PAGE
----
The first draft is always… well, a draft

“You might not write well every day, but you can always edit a bad page. You can't edit a blank page.”—Jodi Picoult
“You might not write well every day, but you can always edit a bad page. You can’t edit a blank page.”—Jodi Picoult
It’s a sentiment that many writers far more accomplished than I have expressed over the years: “You might not write well every day, but you can always edit a bad page. You can't edit a blank page.” I’m quoting Jodi Picoult in this instance. And she’s right. It is better to get something written down, even when you think it’s horrible, than not to write anything at all. It is much easier to revise a completed story than it is to write the story to begin with. And it is also true that no one, no matter how talented, experienced, or inspired they are, writes wonderfully every single time they sit down to write.

But while the sentiment represents the truth, it is not the whole truth. Not by a long shot…

A lot of people, while trying to express this same idea as a means to encourage a discouraged writer, will go a step further. They might say something like, “Every first draft is crap.” They will often do this with a slightly saltier statement that is attributed to Hemingway. There are a few problems with that. First of all, the only source of the Hemingway quote is a biographic manuscript based on notes an admirer of Hemingway wrote down in 1934, but not compiled until a few decades later, then moldered in a box somewhere until after both Hemingway and the admirer had died, whereupon it was edited by a surviving relative of the admirer. There are other reasons many experts doubt Hemingway actually said every first draft is always rubbish. Even if Hemingway did say that the first draft is always rubbish, he was absolutely wrong.

Your first draft will not be perfect. Your first draft will have things you want to change later. Both of those statements are true. But if you replace the word “first” in each sentence with the word “final,” the resulting sentences will be precisely as true as the originals. No draft is perfect. No draft is free of phrases, paragraphs, or plot points that the author won’t second guess years after the book has been published. This is just as true of bestsellers that win dozens of awards as books that never sell.

Don’t get me wrong. Your first draft may be garbage. But again, so might your tenth draft. But your first draft may also be pretty good. A more accurate statement about first drafts was once made by Bernard Malamud (in a commencement speech at Bennington College in 1981): “The first draft of anything is suspect unless one is a genius.”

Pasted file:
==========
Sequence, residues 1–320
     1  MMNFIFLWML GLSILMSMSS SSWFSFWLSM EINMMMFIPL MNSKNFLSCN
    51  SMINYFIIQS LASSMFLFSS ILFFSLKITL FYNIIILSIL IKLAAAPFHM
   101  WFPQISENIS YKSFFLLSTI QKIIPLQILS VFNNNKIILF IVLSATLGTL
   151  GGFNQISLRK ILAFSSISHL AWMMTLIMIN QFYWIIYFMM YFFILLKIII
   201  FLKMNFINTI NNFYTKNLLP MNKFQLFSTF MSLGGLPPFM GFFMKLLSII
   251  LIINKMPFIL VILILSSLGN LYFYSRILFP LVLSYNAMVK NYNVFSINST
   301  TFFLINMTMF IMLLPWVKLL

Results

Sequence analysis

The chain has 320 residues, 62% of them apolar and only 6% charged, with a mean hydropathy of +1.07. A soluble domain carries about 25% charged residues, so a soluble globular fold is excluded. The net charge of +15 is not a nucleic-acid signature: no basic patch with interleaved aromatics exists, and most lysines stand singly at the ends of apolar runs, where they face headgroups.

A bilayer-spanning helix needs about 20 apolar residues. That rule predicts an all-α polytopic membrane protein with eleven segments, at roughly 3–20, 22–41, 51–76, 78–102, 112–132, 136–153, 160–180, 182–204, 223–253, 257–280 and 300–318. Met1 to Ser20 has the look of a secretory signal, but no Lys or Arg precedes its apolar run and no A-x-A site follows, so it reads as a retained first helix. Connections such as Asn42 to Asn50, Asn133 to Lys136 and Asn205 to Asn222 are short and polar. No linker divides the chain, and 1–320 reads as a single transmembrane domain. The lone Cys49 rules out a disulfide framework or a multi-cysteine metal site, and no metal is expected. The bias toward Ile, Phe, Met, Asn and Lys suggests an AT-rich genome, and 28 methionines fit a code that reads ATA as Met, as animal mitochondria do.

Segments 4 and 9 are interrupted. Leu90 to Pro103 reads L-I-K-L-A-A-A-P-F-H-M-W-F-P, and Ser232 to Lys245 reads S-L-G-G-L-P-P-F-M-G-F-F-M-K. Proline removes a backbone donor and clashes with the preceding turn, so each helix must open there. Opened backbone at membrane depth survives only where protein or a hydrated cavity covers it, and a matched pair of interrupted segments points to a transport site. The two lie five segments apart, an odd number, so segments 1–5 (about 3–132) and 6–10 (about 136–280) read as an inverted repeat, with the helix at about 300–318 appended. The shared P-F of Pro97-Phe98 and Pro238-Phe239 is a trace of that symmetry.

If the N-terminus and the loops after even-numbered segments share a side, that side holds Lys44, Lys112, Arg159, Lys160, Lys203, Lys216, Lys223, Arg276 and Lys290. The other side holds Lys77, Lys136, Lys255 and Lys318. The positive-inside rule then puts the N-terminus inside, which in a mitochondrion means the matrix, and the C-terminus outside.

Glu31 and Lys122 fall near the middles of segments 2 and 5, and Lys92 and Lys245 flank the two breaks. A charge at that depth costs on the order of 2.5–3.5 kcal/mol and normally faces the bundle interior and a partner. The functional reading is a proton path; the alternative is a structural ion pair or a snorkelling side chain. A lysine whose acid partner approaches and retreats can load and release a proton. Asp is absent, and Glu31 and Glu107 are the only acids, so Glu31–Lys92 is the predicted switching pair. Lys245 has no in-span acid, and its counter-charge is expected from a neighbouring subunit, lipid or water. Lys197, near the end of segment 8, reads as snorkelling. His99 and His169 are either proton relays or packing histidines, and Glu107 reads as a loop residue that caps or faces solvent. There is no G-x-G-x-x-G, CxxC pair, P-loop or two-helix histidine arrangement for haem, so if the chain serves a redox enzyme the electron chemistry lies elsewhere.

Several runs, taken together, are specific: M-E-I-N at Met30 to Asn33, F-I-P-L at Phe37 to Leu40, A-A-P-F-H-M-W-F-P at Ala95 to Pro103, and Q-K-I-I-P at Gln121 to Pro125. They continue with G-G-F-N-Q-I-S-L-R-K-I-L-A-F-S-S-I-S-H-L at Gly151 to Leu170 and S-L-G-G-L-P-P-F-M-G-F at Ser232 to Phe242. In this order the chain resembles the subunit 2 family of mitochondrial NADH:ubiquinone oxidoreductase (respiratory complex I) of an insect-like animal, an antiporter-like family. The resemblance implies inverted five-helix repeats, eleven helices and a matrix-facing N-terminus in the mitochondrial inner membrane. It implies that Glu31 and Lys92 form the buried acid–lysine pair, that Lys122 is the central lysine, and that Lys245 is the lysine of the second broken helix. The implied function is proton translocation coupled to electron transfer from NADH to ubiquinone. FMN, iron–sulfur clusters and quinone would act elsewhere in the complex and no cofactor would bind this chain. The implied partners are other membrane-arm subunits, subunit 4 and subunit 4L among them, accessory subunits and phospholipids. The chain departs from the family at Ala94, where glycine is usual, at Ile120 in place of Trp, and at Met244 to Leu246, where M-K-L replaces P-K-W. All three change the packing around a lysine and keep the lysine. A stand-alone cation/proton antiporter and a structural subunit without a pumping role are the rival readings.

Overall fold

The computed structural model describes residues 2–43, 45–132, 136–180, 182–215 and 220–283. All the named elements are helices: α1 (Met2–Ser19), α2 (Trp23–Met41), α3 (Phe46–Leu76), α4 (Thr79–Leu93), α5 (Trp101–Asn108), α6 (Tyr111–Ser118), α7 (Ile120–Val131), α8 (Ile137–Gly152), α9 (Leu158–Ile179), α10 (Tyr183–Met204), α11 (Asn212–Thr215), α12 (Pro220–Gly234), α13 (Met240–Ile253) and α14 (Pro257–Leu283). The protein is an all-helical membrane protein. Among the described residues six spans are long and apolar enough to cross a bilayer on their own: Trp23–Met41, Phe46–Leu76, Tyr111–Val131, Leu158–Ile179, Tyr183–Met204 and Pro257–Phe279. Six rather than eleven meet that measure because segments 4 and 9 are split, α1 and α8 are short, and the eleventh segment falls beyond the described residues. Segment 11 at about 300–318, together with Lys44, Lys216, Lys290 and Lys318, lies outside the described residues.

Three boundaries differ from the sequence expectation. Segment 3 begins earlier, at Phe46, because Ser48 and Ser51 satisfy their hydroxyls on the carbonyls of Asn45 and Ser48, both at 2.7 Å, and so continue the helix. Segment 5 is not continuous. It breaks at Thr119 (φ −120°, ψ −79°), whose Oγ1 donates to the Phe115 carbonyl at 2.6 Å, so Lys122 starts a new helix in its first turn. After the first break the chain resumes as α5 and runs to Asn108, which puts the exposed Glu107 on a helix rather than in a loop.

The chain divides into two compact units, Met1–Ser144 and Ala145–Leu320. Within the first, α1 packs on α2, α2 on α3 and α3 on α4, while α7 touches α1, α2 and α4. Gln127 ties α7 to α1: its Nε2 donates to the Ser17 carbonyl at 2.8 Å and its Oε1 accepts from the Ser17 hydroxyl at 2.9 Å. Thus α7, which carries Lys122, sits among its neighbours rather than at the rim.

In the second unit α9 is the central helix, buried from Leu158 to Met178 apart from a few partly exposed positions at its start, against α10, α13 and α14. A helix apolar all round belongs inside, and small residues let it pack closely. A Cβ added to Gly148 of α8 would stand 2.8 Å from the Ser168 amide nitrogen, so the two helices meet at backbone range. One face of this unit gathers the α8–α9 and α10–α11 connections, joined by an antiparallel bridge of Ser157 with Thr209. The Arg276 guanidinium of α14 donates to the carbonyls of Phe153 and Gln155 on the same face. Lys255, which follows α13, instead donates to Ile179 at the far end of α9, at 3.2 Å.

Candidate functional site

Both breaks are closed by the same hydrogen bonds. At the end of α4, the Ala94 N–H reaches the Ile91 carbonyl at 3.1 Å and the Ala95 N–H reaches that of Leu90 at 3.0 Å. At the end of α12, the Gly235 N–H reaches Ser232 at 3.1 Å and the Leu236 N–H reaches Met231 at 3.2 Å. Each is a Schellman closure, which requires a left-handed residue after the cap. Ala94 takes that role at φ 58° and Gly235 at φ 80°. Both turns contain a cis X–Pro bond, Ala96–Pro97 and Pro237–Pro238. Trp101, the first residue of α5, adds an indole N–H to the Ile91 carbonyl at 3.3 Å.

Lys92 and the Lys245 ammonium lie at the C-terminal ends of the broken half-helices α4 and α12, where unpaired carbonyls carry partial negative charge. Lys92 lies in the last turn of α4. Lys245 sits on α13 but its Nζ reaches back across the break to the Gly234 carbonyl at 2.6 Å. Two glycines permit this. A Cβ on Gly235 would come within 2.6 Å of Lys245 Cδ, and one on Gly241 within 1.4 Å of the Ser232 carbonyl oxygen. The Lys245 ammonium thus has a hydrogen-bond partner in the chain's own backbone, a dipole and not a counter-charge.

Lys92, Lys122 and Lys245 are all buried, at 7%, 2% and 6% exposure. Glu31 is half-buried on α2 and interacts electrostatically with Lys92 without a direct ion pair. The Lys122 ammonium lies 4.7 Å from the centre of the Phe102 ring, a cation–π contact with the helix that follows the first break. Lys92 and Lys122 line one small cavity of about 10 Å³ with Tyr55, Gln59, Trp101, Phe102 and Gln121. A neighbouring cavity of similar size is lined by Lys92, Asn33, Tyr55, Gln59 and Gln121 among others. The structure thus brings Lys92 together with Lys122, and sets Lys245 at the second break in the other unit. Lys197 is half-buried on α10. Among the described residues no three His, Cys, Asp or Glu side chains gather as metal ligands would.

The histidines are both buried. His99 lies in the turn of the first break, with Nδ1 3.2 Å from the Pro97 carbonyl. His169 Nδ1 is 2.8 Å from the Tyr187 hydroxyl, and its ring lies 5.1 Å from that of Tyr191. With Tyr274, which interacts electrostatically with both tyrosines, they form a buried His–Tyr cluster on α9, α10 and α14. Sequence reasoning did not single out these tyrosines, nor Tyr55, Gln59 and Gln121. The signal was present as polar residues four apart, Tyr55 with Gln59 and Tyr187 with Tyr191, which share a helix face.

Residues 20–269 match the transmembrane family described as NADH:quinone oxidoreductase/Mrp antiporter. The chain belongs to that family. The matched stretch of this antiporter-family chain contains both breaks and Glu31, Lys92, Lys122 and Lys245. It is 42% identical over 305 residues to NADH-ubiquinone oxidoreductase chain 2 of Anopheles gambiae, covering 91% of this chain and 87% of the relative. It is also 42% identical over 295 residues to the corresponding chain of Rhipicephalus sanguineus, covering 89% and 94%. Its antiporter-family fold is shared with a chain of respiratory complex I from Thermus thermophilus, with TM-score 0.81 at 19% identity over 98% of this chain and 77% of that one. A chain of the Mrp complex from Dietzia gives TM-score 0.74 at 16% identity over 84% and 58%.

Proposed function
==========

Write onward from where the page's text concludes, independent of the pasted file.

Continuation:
It is quite likely that things need to be fixed in your first draft. The things needing to be fixed might be as minor as inconsistently spelling a minor character’s name. Or they may be more serious, such as losing a character entirely. You may find that you started out writing a silly love story only to reach the end and have a horror-mystery.

But that’s okay. It’s a draft. You’ll need to set it aside for a while, then read it, start making notes about things you want to fix. At some point you’ll want to get beta readers that you trust to tell you honestly whether the story works for them. There is work to be done.

And it’s okay if, when you read your draft, you feel that most of it is rubbish. If you do, you’re probably being overly harsh on yourself. It’s quite common. And it can be very discouraging to look at something you wrote and see only the flaws. This is the reason many people repeat the apocryphal Hemingway quote. They’re trying to fight that discouragement with some hope: if very successful and critically acclaimed authors wrote crappy first drafts that they turned into masterpieces, then you can turn your first draft into something better.

Whether you are being overly harsh or assessing the first draft accurately, doesn’t matter. What matters is what you do with it next.

Revise it. Fix it. Make it better.

Your first draft is meant to be imperfect. Just as a gesture drawing an artist makes in preparation for a picture, it’s roughing out the shape and reach of the final piece, but it is not the piece itself. Its purpose isn’t the be the tale, it’s to help you get the tale completed. Completing the tale may mean making only some corrections, shading in some details, tightening the dialog here and there. Work the draft until the story is ready.

When it’s done, move on to the next story. Yes, try to find a publisher or an audience for your revised story. Make the rounds, see if anyone likes it. But while you’re doing that, you must also already be working on the first draft of the next story.

And whether you find an audience for your first story also doesn’t matter. Just as it doesn’t matter that the first time a toddler tried to walk (likely the first dozen times the toddler tried to walk), they fell down. Because eventually they figured out how to walk and even run.

Your next first draft will be better than your last. If you keep at it, putting one word after the other, and then one story after the other, you will get better. And you get better not by wallowing in what’s wrong, but by making it right.

2 thoughts on “The first draft is always… well, a draft

  1. Thanks for the wonderful advice! I do agree that the first draft will not be perfect, and you have to keep revising it. Also, I firmly agree with the ‘once the first project is done, move on to the next one.’ Currently, I’m working on two stories, but I want to finish them by the end of the year. Next year, I plan to work on some new stuff.

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